Feminism | Posted by LodB on 02/22/2012

Doctors, Nurses And One Terrific Professor

[caption id="" align="alignleft" width="145" caption="language matters"][/caption] Recently, I was taking a course on linguistics, and we were discussing syntax. My professor asked the class-- a room of roughly a hundred English students, mostly female-- what pronoun to use when replacing the noun ‘boss’. It wasn’t a very serious question, but the response made him stop in his tracks. Over half the class had casually, but eagerly, called out ‘he’. It wasn’t until my astonished professor eyed us that everyone realised what they had said: that they had confirmed something we all thought to have been a thing of the past. There were nervous giggles and some shocked faces, including my own, because what’s so horrific is that I hadn’t realized it either.

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Awareness, Feminism | Posted by Julie Z on 03/24/2011

The Affordable Care Act: Feminism Moving Forward

The Affordable Care Act

The Affordable Care Act

One of the reasons many girls today don’t identify as feminists is because there are quite a few of us who are convinced that men and women are totally equal. The 1970′s took care of all of our political and social battles, teens reason, looking to mothers who work to the same degree and prestige as their fathers and male classmates who they largely equal or surpass in intelligence. What exactly are feminists fighting for, they might wonder, and write us off as never-satisfied perpetual complainers.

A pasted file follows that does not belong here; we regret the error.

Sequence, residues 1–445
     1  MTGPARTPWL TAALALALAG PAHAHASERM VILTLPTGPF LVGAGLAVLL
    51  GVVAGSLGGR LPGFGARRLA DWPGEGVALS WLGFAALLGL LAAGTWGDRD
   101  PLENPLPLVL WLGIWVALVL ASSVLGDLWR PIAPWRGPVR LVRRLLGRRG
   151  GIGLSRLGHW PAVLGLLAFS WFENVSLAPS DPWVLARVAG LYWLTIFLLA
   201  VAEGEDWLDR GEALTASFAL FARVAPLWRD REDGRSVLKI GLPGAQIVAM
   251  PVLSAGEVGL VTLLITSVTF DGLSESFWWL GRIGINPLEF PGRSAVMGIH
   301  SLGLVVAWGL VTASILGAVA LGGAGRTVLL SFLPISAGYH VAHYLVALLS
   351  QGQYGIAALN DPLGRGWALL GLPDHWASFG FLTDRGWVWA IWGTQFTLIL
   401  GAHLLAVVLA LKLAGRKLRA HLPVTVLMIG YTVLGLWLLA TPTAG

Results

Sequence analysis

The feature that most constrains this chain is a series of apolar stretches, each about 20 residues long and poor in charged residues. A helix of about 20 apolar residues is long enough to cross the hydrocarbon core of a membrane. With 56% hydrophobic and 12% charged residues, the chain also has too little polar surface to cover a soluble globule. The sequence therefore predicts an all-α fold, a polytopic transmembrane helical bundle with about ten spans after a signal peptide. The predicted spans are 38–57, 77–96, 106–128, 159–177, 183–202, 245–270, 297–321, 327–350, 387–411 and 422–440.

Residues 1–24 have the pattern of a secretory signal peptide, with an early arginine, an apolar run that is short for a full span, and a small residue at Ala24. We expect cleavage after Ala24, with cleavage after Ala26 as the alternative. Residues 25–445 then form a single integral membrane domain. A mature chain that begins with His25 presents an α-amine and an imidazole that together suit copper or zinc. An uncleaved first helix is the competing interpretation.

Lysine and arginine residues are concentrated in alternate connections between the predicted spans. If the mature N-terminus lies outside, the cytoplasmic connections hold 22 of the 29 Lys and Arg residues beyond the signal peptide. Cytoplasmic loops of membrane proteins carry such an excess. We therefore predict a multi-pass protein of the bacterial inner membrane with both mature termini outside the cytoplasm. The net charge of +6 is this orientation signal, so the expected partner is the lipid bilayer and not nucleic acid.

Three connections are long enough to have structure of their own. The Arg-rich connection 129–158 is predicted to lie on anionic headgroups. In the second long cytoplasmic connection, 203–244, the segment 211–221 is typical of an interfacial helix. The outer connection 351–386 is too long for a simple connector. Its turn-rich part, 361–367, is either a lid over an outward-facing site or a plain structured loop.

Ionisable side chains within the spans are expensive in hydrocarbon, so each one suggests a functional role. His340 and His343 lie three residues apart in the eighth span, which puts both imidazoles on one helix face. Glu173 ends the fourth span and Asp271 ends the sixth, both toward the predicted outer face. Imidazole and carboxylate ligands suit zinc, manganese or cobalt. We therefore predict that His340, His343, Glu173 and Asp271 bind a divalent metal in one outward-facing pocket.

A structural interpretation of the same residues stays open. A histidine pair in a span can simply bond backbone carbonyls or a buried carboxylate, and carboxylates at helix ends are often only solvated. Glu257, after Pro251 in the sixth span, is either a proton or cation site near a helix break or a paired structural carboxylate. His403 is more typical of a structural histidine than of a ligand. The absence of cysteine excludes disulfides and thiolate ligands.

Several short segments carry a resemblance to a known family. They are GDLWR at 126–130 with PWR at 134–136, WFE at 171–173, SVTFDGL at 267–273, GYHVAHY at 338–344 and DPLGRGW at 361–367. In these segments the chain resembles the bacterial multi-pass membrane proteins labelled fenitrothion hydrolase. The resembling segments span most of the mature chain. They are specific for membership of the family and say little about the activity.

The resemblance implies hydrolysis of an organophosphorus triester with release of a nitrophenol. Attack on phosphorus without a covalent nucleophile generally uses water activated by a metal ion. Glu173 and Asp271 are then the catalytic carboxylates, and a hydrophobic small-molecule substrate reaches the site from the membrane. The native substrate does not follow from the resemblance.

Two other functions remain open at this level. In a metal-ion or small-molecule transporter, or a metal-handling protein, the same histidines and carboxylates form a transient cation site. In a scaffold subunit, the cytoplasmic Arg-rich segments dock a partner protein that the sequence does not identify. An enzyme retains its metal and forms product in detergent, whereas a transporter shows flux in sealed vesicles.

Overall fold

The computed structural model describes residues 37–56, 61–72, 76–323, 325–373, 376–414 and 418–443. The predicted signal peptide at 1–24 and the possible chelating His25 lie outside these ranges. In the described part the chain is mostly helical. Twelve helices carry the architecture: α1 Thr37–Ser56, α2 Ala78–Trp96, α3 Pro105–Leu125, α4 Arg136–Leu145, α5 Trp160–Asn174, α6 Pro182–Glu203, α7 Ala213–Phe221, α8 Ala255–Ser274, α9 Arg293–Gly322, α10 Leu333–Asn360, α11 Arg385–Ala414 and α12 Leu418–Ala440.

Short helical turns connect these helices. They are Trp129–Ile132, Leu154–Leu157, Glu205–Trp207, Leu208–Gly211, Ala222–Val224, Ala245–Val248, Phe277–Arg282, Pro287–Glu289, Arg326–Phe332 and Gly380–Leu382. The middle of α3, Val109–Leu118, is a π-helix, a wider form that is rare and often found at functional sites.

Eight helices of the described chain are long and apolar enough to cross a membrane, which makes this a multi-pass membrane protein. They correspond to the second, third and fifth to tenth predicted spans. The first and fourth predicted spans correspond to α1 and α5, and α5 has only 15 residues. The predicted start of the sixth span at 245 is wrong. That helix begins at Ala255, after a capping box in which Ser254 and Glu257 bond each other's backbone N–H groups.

Well. Even if we completely disregard the fact that this standpoint can really only occur to girls of first-world countries, and within those countries to girls of middle-upper classes, there are still a lot of political and economic disparities that …

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Feminism | Posted by Anna M on 09/21/2010

An Unabashed Imitation of An Article by Peggy McIntosh

Peggy McIntosh

Peggy McIntosh

In 1990, Wellesley College professor Peggy McIntosh wrote an essay called “White Privilege: Unpacking the Invisible Knapsack”. McIntosh observes that whites in the U.S. are “taught to see racism only in individual acts of meanness, not in invisible systems conferring dominance on my group.” To illustrate these invisible systems, McIntosh wrote a list of 26 invisible privileges whites benefit from.

As McIntosh points out, men also tend to be unaware of their own privileges as men. In the spirit of McIntosh’s essay, I thought I’d compile a list similar to McIntosh’s, focusing on the invisible privileges benefiting men.

Due to my own limitations, this list is unavoidably U.S. centric. I hope that writers from other cultures will create new lists, or modify this one, to reflect …

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